Reginald Otto Bell (1886 - 1950)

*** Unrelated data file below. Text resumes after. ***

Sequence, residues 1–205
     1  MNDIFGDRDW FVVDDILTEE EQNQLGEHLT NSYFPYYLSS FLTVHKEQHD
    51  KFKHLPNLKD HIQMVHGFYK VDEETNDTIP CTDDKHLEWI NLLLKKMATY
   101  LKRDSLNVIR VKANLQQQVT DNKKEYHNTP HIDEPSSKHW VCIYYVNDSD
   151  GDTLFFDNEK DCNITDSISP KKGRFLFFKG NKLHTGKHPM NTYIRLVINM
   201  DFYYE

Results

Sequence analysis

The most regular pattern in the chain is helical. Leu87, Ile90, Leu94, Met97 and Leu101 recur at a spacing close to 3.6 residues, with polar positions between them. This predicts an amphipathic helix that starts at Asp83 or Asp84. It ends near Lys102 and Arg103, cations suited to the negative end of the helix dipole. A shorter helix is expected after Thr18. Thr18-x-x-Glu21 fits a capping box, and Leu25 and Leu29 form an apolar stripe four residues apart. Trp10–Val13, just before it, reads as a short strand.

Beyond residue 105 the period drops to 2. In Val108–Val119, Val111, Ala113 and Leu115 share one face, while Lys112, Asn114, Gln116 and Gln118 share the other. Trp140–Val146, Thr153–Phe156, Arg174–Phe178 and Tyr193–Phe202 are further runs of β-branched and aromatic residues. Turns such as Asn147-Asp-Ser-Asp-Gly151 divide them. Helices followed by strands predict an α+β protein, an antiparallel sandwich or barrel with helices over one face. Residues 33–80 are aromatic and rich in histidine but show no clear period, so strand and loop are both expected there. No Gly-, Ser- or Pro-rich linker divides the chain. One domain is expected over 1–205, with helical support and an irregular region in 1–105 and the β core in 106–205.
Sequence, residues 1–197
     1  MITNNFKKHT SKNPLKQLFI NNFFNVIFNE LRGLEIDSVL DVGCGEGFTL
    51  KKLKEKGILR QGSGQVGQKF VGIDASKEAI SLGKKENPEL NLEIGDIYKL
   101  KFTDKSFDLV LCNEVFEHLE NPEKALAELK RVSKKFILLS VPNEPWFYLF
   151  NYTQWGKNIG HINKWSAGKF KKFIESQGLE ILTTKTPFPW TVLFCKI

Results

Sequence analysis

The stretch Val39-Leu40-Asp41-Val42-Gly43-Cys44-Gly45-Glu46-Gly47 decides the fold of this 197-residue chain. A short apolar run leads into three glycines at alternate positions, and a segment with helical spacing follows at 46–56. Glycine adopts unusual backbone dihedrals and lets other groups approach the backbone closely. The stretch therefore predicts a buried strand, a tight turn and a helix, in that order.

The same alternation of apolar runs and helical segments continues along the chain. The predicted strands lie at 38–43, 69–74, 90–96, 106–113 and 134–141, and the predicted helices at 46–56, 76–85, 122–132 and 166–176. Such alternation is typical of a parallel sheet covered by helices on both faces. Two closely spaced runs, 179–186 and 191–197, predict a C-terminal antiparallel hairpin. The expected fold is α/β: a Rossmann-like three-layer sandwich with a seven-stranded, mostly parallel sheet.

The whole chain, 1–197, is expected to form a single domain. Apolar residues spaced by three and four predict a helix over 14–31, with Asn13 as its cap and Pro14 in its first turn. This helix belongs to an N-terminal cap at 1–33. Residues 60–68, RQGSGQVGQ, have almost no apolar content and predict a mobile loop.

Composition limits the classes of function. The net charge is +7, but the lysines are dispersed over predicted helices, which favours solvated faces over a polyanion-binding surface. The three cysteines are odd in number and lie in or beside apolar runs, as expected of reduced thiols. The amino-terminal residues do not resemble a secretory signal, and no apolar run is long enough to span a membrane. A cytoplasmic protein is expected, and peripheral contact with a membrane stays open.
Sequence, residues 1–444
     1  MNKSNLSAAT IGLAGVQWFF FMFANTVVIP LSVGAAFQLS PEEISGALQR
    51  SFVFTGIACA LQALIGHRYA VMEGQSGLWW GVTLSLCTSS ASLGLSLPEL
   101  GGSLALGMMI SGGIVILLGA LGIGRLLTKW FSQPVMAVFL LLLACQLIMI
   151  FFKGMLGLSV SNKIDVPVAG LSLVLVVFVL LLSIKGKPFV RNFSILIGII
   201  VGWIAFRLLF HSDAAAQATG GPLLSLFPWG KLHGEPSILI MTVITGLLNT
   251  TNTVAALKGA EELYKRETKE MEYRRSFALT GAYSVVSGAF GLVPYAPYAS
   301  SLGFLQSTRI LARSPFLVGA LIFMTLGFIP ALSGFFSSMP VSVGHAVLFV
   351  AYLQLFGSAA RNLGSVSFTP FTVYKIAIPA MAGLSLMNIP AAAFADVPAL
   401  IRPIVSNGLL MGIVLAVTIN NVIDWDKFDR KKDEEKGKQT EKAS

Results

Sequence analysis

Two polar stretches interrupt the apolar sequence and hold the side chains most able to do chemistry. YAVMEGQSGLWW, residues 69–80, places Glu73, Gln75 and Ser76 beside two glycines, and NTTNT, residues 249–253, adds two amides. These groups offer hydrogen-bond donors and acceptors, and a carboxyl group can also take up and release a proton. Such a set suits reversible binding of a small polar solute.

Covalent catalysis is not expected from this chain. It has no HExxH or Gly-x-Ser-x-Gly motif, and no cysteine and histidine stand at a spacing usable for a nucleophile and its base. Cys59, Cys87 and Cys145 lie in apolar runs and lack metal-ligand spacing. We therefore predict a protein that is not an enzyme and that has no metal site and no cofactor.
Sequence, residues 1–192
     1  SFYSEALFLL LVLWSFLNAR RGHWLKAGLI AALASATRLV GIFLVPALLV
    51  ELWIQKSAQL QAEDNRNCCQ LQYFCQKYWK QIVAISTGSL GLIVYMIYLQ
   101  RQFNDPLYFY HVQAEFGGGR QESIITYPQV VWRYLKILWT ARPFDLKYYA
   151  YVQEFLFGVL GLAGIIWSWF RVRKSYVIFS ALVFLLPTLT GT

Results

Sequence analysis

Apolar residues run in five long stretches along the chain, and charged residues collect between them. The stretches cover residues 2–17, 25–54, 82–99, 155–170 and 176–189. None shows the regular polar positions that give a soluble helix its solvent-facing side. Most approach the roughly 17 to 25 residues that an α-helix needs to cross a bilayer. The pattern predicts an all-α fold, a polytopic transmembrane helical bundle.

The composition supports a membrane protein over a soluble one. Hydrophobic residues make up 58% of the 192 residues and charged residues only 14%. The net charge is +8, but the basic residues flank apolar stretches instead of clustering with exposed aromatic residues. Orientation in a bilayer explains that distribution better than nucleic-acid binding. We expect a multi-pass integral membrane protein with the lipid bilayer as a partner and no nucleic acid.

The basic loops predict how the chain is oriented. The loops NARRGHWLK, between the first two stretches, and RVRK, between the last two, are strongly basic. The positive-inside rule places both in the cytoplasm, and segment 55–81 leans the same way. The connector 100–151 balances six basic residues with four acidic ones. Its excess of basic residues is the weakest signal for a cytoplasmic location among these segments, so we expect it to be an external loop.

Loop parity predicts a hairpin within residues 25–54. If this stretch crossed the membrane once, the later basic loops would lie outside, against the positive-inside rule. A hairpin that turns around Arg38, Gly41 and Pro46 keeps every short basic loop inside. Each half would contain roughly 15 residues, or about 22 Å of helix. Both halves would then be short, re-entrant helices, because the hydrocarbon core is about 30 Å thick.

Stained glass artist, the only son of John Clement Bell and his wife Mary, his sister being the sculptor Jane/Jeanne Bell. He was born in London and educated at Harrow School and Cope's and Nichols' Art School, Kensington, and joined the family firm of Clayton & Bell, makers of stained glass and ecclesiastical furnishings, in 1907. He served in the Artists' Rifles in World War I and on returning to the studios in 1918 was made a partner. Reginald was keen to abandon the Victorian style and adopt more modern designs. As a member of the Arts Club and Art Workers' Guild he had many artist and architect friends, including S J Lamorna Birch, William Russell Flint and William Orpen. Bell was a founder-member of the British Society of Master Glass Painters and for many years its secretary. His windows in the south transept of Salisbury Cathedral, St Mary's Hall in Coventry and in the chapel of Somerville College, Oxford, are especially distinguished. He received world recognition in 1925 when he was awarded a diploma at the Paris Exhibition and at exhibitions in Brazil and at Wembley. Exhibited frequently at the RA, also at the Walker Art Gallery in Liverpool. After he died at Aylesbury, Buckinghamshire, his son Michael Charles Farrer Bell continued his work.